Let us first take a look at the phenomenon of the 'mind-game film' in general terms. What are the governing principles underlying the mind-game film, and why do spectators and scholars alike feel the urge to mark its peculiarity by assigning the name, and thus proclaiming a new genre, or maybe even a new era, of film? Considering these questions, we will turn to the sociological implications in the mode of storytelling, as well as toward a classification in the light of traditional narratology.

2.1. Intensified Focalization

In his article “The Mind-Game Film”, Thomas Elsaesser makes a distinction between two types of mind-game films. On the one hand, he calls up films in which it is the characters whose minds are played with (by other characters). Hence, the mind-game takes place entirely within the boundaries of the diegetic film reality. More interestingly, the second type of mind-game - with whom we will primarily be concerned - occurs between the film itself and the spectator, from whom crucial information is withheld or obscured. This is often times justified by a mental pathology of the respective character. (Elsaesser 14) In this justification lies the first distinctive and novel feature of the allegedly new genre: the intensification of focalization. In films like Fight Club or The Sixth Sense, our perception is linked to, and filtered by, the (deficient) minds of focal characters. At first glance, this simply is an instance of internal focalization which, as a narrative technique, existed long before the mind-game film came into being. The crucial difference, however, is the lack of a reference point or a background against which the abnormality of the character's (and thus our) perception would become visible. Much like the insane person himself, whose perception constitutes his subjective version of reality, we are deprived of the luxury of changing perspectives and occupying an objective vantage point.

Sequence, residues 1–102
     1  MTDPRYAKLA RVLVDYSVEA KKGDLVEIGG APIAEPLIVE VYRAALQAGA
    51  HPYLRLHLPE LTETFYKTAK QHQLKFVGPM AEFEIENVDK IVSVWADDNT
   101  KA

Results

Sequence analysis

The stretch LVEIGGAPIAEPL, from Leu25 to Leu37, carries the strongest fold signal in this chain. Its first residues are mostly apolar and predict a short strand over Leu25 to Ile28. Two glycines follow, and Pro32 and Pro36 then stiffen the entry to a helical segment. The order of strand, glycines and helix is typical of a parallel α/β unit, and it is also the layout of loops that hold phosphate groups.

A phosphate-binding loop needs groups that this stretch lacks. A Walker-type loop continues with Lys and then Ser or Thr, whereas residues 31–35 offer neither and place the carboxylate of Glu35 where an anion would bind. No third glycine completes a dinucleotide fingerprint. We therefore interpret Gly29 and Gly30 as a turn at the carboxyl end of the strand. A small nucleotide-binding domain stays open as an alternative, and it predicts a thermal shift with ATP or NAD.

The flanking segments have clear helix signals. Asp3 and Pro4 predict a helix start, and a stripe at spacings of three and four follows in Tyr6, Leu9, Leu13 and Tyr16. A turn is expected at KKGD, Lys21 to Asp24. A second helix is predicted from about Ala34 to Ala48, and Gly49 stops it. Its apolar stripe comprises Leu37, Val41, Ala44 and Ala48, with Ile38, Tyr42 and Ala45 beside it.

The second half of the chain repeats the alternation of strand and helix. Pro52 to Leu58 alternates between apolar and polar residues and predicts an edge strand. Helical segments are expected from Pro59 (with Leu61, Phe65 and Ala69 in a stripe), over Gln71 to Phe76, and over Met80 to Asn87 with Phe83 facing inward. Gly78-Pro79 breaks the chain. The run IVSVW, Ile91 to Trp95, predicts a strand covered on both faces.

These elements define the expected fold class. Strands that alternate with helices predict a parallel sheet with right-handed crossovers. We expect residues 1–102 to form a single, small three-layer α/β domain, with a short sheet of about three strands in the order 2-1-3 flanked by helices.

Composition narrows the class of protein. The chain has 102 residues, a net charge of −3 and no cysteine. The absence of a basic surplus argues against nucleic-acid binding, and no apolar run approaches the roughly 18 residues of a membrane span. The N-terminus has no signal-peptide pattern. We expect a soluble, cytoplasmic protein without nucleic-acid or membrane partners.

"[Such] films [...] present their parallel worlds without marking them off by [...] the conventional means by which films indicate switches of register or reference." (Elsaesser 20).

2.2. The Mind-Game Film as a Mirror to the Society (of Control)

Later in the article, Elsaesser elaborates on this notion of conventionality in film. He states that the classical narrative style can be broken down into a number of rather specific conventions. When it comes to the set-in-stone guiding principles, like teleology and the premise of a comprehensive causal chain of events, "(post hoc ergo propter hoc)", Elsaesser reasonably claims that these actually serve as restrictions that keep the film from becoming a mirror to our reality - which may be determined by coincidence at times, and which is in no way a linear chain of causal events, but a multitude of paths, many of which never come to anything (Elsaesser 23). Hence, the classical means of channeling reality into film is by no means the correct or natural way to go, but merely a variant amongst others. It is in this context that Elsaesser draws on Gilles Deleuze and Félix Guattari's notion of the "rhizome" as a non-hierarchical, non-dichotomous sorting principle of knowledge and reality. For Deleuze, film can serve as a mirror to human perception, because it is organized according to the very same logic and the very same rules of framing, setting focus and arousing attention. By implication, sociological change inscribes itself into the medium, as the individuals' self-concepts and their perceptions of the surrounding society and its superstructures change, along with those structures themselves.